Why give free school meals to pupils who are not eligible?

I don’t know if a well-balanced and nutritious meal, rather than a Mars bar and chips, improves a child’s concentration, test scores or even their health. So, I cannot comment generally on the value of giving anyone a state-subsidised meal. However, if you want to use schools to improve the nutrition of children in poverty, you have to offer free school meals to those who aren’t actually currently eligible for free school meals.

Why? Free school meals eligibility is currently available to a family if they are in receipt of income support, income-based job seekers allowance, child tax credits (with an income ceiling), and a few other benefits. But analysis by Hobbs and Vignoles (2009) shows that this group of children are not the same set of children with the lowest household incomes. Only somewhere between a quarter and a half of the 16 percent of children who are eligible for FSM are in the bottom 16 percent of the distribution of household income, as illustrated in this Figure from their paper.

How can it be that so many of our very poorest families find themselves unable to claim FSM status?  Well, the very act of giving a particular set of families means-tested benefits pushes our FSM children up the income distribution, ahead of other families who are unable to claim additional income but are still very poor indeed.  This is why our FSM children are only a small section of a much larger group of socio-economically disadvantaged pupils and their families.

Suppose policy-makers wanted to target free school meals at poor families, regardless of whether they are in receipt of benefits or not.  Can we do this effectively without giving free school meals to everyone?  Well, survey data tells us that our ‘missing poor’ – the low income families who do not claim FSM – are more likely to be found in schools with FSM children and with higher levels of deprivation.  So, here I try (and largely fail) to target meals at poor families by using the recorded deprivation in their school.

I define being ‘poor’ as having less than 60% of median wage of other households with children (just under 18% in my dataset).  I am using the Longitudinal Survey of Young People in England to illustrate this, which isn’t perfect because the children are in secondary school rather than primary school, but I don’t have quick access to alternatives such as the Millennium Cohort Study.  The data crunching is quick and dirty, but I think it is enough to illustrate the point.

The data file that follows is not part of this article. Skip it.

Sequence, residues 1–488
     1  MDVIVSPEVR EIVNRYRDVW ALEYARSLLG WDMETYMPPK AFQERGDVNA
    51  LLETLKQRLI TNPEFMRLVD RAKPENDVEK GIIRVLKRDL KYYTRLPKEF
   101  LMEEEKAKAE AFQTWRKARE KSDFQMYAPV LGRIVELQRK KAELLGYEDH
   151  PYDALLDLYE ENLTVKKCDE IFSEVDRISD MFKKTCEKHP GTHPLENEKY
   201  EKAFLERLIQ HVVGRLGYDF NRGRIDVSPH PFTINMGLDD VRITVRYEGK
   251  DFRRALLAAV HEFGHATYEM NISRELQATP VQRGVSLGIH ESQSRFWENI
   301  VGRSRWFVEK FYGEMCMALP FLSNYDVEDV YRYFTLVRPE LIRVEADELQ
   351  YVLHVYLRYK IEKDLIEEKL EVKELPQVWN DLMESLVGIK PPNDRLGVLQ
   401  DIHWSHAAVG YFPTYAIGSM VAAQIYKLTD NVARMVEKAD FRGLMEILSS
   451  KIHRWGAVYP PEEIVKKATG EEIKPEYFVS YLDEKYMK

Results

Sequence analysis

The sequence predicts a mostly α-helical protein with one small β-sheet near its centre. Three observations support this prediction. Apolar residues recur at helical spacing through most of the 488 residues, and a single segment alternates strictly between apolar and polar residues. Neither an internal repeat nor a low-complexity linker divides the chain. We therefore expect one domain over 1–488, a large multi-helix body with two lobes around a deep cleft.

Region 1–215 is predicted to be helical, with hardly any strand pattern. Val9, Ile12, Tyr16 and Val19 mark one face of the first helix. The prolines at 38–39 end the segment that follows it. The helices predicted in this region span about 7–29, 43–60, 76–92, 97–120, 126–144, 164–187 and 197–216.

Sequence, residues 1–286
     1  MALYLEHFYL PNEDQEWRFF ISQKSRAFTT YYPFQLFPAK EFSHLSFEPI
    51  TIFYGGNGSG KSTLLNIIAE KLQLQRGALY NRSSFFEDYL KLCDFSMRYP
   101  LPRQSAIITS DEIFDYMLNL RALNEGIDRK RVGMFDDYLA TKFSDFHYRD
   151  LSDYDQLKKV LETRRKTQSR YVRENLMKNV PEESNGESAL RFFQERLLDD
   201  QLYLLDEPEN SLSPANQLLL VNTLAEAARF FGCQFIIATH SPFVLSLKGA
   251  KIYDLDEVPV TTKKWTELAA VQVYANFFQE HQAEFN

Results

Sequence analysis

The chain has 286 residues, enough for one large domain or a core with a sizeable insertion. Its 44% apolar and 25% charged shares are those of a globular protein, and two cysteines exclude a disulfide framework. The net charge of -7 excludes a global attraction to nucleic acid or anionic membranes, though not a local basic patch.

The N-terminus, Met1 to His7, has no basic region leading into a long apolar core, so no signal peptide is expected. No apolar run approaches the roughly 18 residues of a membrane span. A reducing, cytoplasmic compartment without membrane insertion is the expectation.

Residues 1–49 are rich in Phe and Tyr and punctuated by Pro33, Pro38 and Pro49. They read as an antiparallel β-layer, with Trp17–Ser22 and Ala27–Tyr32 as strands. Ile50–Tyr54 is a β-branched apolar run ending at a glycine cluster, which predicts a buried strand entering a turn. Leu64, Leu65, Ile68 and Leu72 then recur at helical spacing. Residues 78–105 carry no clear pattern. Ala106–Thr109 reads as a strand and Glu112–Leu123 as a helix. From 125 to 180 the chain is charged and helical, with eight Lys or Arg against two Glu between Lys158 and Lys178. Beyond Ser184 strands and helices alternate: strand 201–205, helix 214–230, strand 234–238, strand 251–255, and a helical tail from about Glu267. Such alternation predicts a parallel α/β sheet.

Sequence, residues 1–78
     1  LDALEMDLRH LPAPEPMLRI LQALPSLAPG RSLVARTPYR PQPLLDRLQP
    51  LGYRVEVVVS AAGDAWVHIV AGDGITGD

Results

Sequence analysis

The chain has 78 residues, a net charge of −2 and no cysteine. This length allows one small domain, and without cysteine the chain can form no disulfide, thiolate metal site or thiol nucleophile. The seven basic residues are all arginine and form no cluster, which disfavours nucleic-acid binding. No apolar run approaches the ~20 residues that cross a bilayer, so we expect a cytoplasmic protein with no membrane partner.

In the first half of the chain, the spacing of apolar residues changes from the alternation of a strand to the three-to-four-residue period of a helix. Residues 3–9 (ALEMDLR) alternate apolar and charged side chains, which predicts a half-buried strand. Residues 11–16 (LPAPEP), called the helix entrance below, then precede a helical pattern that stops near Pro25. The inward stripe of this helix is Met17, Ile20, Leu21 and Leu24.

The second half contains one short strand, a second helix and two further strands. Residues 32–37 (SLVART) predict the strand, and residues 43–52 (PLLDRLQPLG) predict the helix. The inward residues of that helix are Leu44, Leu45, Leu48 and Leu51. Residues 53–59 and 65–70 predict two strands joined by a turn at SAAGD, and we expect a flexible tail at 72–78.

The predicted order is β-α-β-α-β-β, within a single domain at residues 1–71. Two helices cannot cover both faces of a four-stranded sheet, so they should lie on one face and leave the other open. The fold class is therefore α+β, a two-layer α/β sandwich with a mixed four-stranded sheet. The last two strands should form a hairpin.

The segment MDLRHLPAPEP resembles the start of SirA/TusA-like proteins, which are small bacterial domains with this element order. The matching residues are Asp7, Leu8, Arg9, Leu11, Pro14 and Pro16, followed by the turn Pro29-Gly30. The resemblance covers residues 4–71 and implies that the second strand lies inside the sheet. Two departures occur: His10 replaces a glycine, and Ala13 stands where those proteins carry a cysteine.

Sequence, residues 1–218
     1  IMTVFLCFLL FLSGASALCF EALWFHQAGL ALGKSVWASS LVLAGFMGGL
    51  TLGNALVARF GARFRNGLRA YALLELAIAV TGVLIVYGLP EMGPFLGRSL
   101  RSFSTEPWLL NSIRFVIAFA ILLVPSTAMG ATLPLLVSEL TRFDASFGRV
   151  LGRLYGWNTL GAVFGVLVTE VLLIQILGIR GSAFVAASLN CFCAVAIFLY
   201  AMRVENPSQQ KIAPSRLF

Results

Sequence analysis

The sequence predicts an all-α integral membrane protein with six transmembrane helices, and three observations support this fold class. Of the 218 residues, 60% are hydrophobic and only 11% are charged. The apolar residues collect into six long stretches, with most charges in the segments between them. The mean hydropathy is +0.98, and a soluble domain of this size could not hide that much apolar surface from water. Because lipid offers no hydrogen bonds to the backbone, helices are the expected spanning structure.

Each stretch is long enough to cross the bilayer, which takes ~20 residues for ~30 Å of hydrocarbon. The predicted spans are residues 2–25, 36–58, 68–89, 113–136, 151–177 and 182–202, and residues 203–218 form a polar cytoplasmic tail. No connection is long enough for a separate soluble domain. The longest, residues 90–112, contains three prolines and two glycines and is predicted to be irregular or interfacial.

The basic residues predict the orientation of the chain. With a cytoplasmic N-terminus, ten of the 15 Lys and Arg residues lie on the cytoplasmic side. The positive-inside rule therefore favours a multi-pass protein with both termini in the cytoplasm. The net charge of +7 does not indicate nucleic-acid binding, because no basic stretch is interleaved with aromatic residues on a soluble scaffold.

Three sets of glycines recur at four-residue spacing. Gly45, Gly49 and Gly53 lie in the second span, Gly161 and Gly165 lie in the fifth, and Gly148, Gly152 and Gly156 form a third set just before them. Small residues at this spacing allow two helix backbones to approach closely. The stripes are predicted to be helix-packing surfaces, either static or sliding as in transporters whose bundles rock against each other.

Our aim is to devise a rule for giving meals to children that successfully targets as high a proportion of our poor families as possible, while minimising the size of the overall transfer (this is our burden on taxpayers).  So, for example, the current rule in use only gives meals to FSM eligible pupils.  The overall size of the transfer is relatively small – 16% of all pupils – but only 47% of our poor children are successfully targeted.  Indeed, almost half the transfer goes to children who are not actually in poverty according to our measure.

The first alternative rule I try is to give free meals to all the FSM pupils, plus all pupils in schools where over 30% of the cohort are FSM eligible, regardless of whether they themselves claim benefits.  This clearly becomes a more expensive policy because 23% of pupils now get a free meal, but we do successfully reach more poor children (55%).  However, the ‘leakage’ out to the non-poor that we do not want to target rises to 57%.  If we lower the school-based criteria so that all schools with over 20% FSM rate get free meals then we can successfully reach 64% of poor pupils, but two-thirds of our subsidy now goes to families who are not poor.  This targeting of poor families is not very successful and I cannot do better using alternative school-based deprivation measures (such as the mean IDACI of pupils at the school).

It appears that devising a policy that uses published school deprivation statistics to try to locate poor families is pretty impossible.  If you want to give free meals to families in poverty without collecting further household income data, it seems impossible to avoid making large transfers to families who are not in poverty.  You could ask parents to apply and prove their income, but this might discourage uptake and is administratively costly.  The alternative route to achieving blanket coverage of families in poverty is simply to give free meals to all schools, as the pilot schemes in Durham and Newham do.  I’m not arguing that this is a good or bad use of tax receipts, but the above analysis does explain why the former Labour government decided that there are few obvious alternatives to universality as a route to giving food to children in poverty.

References

Hobbs, G. and Vignoles, A. (2009) Is children’s free school meal ‘eligibility’ a good proxy for family income?  British Educational Research Journal, (forthcoming – the journal, like so many in the social sciences, has a chronically long lag between submission and publication, but you can freely read an early draft of the paper here: http://tiny.cc/42e5d).

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2 Responses to Why give free school meals to pupils who are not eligible?

  1. […] study found that universal free school meals were effective at removing the stigma said to be attached to means-tested free school meals, and successfully increased take-up among […]

  2. […] study found that universal free school meals were effective at removing the stigma said to be attached to means-tested free school meals, and successfully increased take-up among […]

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